The unpredictable weather that's assailed much of the nation this year might make it hard to get dressed in the morning. But you can always put on extra layers or pack a rain coat. Your home, on the other hand, has to make do with the same exterior finish no matter the conditions. Wild temperature swings, which cause wood and other siding materials to expand and contract, are particularly tough on paint, prompting less-flexible formulas to peel and flake. Consumer Reports' exterior paint test was designed with this variability in mind, so the products we recommend should perform predictably well in all conditions.
Our testers begin by applying the exterior paints—the current Ratings include 44 models in all—onto untreated yellow-pine boards. This wood is notably unstable, so the boards tend to swell and crack when exposed to the elements. And they get plenty of exposure up on the roof of our Yonkers, New York laboratories, especially after we face them south at a 25-degree angle, intensifying the effects of the sun, soaking rain, sleet, and snow that's part of the four-season climate here.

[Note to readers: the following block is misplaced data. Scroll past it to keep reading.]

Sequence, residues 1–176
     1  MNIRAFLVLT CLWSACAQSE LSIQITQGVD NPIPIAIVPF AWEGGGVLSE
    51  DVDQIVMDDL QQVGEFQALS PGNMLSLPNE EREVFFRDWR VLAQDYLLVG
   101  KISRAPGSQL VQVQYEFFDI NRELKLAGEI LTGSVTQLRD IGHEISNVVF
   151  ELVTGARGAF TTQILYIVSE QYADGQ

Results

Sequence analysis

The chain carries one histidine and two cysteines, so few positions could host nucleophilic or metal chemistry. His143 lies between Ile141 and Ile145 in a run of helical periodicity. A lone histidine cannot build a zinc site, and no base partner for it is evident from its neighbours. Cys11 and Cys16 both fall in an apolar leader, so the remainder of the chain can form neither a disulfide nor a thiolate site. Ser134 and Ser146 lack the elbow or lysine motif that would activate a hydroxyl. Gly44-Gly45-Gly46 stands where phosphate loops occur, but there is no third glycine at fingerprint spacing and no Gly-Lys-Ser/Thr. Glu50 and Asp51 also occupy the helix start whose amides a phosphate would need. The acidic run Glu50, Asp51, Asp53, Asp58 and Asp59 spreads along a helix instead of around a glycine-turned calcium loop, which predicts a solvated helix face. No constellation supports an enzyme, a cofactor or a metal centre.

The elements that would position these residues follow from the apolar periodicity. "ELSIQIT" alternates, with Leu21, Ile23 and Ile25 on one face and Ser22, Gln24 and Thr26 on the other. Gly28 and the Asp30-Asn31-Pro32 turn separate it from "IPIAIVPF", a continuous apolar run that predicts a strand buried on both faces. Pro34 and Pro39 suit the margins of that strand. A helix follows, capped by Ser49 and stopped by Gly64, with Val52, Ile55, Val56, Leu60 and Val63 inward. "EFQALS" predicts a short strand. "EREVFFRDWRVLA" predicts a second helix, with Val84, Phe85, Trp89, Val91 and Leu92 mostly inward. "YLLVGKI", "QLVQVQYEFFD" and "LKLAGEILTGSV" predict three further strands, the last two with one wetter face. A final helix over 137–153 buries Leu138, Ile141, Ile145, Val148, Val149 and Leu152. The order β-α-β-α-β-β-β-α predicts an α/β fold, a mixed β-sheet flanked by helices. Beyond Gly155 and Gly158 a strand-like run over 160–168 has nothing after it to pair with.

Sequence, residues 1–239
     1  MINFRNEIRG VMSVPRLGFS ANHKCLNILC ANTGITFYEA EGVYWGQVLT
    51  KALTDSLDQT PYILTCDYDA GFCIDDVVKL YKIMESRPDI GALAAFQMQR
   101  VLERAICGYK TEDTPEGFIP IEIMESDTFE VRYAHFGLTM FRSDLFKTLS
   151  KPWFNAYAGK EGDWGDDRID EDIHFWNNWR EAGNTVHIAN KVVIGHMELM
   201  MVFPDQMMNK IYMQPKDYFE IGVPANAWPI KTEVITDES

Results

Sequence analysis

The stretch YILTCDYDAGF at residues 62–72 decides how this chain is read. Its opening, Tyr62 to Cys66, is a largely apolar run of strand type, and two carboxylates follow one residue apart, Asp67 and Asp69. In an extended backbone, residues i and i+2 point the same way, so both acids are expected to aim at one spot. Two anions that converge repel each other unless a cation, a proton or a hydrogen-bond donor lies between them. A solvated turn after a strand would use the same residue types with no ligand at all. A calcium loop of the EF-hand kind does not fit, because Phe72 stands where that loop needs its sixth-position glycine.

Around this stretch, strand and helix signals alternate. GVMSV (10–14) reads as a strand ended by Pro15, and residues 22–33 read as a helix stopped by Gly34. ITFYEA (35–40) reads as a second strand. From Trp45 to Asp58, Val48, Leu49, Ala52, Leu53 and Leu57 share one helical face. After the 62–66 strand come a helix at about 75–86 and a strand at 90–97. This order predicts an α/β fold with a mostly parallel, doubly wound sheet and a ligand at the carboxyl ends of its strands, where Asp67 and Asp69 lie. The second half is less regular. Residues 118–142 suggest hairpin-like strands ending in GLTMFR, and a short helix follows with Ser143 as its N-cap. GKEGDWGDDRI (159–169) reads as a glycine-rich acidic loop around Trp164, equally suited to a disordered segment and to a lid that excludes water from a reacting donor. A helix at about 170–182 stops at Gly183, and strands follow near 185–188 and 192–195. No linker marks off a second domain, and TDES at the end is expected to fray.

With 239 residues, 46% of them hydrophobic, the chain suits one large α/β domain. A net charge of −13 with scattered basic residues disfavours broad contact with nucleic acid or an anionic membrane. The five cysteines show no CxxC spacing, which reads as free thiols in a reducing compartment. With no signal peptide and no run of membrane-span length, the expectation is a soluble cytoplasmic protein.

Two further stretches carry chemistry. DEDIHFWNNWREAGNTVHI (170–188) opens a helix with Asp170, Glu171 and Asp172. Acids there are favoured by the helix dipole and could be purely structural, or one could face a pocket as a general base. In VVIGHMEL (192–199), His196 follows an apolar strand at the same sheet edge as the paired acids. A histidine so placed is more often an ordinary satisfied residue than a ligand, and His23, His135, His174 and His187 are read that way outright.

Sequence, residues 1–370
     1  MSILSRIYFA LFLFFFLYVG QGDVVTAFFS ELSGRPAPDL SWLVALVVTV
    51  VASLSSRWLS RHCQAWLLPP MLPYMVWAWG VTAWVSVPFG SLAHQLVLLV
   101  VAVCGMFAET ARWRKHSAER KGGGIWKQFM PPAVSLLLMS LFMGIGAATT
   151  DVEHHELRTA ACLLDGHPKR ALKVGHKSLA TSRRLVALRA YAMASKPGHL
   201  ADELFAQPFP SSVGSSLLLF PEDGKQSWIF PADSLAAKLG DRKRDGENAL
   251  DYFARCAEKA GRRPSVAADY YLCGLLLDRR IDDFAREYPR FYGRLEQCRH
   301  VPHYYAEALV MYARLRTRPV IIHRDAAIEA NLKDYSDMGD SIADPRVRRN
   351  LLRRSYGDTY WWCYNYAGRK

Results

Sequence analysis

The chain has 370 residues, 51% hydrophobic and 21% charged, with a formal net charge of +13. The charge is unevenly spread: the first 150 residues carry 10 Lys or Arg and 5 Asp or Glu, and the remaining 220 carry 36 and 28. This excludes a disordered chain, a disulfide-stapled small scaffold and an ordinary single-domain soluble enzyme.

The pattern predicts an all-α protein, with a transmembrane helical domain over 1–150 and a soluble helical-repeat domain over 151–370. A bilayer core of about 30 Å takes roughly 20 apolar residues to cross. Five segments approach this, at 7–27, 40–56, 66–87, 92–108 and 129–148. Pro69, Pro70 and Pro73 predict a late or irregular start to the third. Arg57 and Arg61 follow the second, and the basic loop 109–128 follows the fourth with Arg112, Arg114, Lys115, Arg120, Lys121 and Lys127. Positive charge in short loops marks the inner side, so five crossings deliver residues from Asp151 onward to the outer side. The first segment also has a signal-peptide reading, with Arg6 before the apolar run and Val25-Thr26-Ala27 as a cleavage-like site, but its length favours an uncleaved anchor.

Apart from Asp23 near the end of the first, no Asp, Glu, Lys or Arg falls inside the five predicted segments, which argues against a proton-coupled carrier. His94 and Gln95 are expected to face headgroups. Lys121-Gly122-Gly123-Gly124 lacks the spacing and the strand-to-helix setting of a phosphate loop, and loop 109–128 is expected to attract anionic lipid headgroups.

As a result, each year of testing at our facilities equals roughly three years on your home. Ultraviolet rays deteriorate the binders in the weakest paints, causing them to be released in the form of a powder that's washed away by rain, resulting in a faded finish. Prolonged exposure to moisture, meanwhile, causes inferior paint formulas to soften and swell, leading to cracking, blistering, and flaking. Our rooftop boards are also exposed to plenty of airborne particles, including the dirt and soot that come with the territory in any metropolitan area. To measure mildew resistance, we paint a second set of boards and stand them at a 90-degree angle facing north under a cluster of trees on our property.
Top-performing paints, including the 14 models that make our recommended list, can handle most conditions, and a couple picks do well against them all. Be sure to take price into consideration, since we see comparable performance in paints costing about $25 per gallon to those costing two and three times as much.